Leaders create a coaching culture. They coach one another, ask their team members to coach them, and coach their teams. In this way, people can support one another in utilizing conscious behaviors.
Once organizational leaders begin to behave in these ways, these norms cascade throughout the organization and culture change is underway. All told, changing our behavior and our cultures is difficult, but doable. In our experience, it takes months or years, depending on the nature of the organization.
If you want to be successful, follow this roadmap:
Help leaders become conscious of their unconscious, automatic behavioral needs.
Help leaders develop new conscious behaviors that generate inspirational leadership, supportive accountability, and coaching culture.
CEOs and their leadership teams who intentionally commit themselves to make these behavior/cultural changes and make it the #1 priority will dramatically improve their organization’s performance.
This article shows how coaching can be an effective way to improve leader & business performance. Additionally, how improving company 'culture' is the single most effective challenge to combat first & why this is the case.
Key take away:
Help leaders become conscious of their unconscious, automatic behavioral needs. Then, help leaders develop new conscious behaviors that generate inspirational leadership, supportive accountability, and coaching culture.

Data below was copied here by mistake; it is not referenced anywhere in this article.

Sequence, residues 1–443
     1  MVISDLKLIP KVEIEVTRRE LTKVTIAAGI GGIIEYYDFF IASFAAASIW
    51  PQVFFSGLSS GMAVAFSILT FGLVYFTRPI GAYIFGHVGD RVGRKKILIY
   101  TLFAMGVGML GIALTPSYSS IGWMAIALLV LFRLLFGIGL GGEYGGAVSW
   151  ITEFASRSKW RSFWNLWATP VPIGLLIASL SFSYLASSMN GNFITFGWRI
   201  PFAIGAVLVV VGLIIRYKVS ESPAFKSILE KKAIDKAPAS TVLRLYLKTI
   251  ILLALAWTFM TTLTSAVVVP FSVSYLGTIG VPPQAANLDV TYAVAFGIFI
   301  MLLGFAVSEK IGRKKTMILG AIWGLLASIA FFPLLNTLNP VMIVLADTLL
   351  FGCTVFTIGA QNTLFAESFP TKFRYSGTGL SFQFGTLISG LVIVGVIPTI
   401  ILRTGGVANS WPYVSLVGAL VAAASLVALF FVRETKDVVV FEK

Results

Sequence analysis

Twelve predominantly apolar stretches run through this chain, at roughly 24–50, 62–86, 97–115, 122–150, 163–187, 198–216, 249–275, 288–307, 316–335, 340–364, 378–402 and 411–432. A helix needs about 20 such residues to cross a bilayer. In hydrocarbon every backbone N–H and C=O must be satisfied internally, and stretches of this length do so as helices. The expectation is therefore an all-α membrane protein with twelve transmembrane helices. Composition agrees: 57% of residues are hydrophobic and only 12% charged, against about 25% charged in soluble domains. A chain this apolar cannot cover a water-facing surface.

About the author(s):
Tom Willis is a Co-Founder and Partner with Phoenix Performance Partners. He had the great honor of serving as CEO for Cornerstone; a consultant with PricewaterhouseCoopers; and an engineer with the Intel Corporation. His life is all about helping others uncover their talents so they can reach their unlimited potential and their organization can thrive. | Linkedin: Tom
Brad Zimmerman is a Co-Founder and Partner with Phoenix Performance Partners. Zimmerman turned to organizational coaching more than 26 years ago following a successful career in sales and operations. Today, he helps businesses, nonprofits and other organizations develop cultures that transform work environments so people grow and the organizations thrive. | Linkedin: Brad
(1) Tim Theeboom, Bianca Beersma & Annelies E.M. van Vianen (2014) Does coaching work? A meta-analysis on the effects of coaching on individual level outcomes in an organizational context, The Journal of Positive Psychology: Dedicated to furthering research and promoting good practice, 9:1, 1-18, DOI: 10.1080/17439760.2013.837499 http://dx.doi.org/10.1080/17439760.2013.837499
(2) Vernita Parker‐Wilkins, (2006) "Business impact of executive coaching: demonstrating monetary value", Industrial and Commercial Training, Vol. 38 Issue: 3, pp.122-127, https://doi.org/10.1108/00197850610659373 Permanent link to this document: https://doi.org/10.1108/00197850610659373
(3) Kotter, John, & Heskett, James, “Corporate Culture and Performance.” Copyright 1992 Kotter & Assoc. Inc. and James Heskett.